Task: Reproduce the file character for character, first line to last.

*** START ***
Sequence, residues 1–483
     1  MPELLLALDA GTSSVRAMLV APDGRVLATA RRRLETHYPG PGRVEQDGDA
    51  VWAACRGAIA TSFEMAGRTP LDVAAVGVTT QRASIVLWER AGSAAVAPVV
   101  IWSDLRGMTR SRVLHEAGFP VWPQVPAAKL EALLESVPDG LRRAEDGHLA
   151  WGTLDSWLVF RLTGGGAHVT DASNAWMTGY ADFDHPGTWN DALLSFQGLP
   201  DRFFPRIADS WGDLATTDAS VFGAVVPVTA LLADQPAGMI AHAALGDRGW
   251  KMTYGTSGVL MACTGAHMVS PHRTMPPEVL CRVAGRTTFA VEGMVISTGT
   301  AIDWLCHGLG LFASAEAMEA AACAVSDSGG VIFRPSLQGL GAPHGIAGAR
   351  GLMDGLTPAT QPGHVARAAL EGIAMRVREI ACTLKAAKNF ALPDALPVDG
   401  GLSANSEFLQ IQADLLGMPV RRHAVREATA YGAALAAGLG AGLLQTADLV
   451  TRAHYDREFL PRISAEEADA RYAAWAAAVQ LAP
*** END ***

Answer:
Sequence, residues 1–483
     1  MPELLLALDA GTSSVRAMLV APDGRVLATA RRRLETHYPG PGRVEQDGDA
    51  VWAACRGAIA TSFEMAGRTP LDVAAVGVTT QRASIVLWER AGSAAVAPVV
   101  IWSDLRGMTR SRVLHEAGFP VWPQVPAAKL EALLESVPDG LRRAEDGHLA
   151  WGTLDSWLVF RLTGGGAHVT DASNAWMTGY ADFDHPGTWN DALLSFQGLP
   201  DRFFPRIADS WGDLATTDAS VFGAVVPVTA LLADQPAGMI AHAALGDRGW
   251  KMTYGTSGVL MACTGAHMVS PHRTMPPEVL CRVAGRTTFA VEGMVISTGT
   301  AIDWLCHGLG LFASAEAMEA AACAVSDSGG VIFRPSLQGL GAPHGIAGAR
   351  GLMDGLTPAT QPGHVARAAL EGIAMRVREI ACTLKAAKNF ALPDALPVDG
   401  GLSANSEFLQ IQADLLGMPV RRHAVREATA YGAALAAGLG AGLLQTADLV
   451  TRAHYDREFL PRISAEEADA RYAAWAAAVQ LAP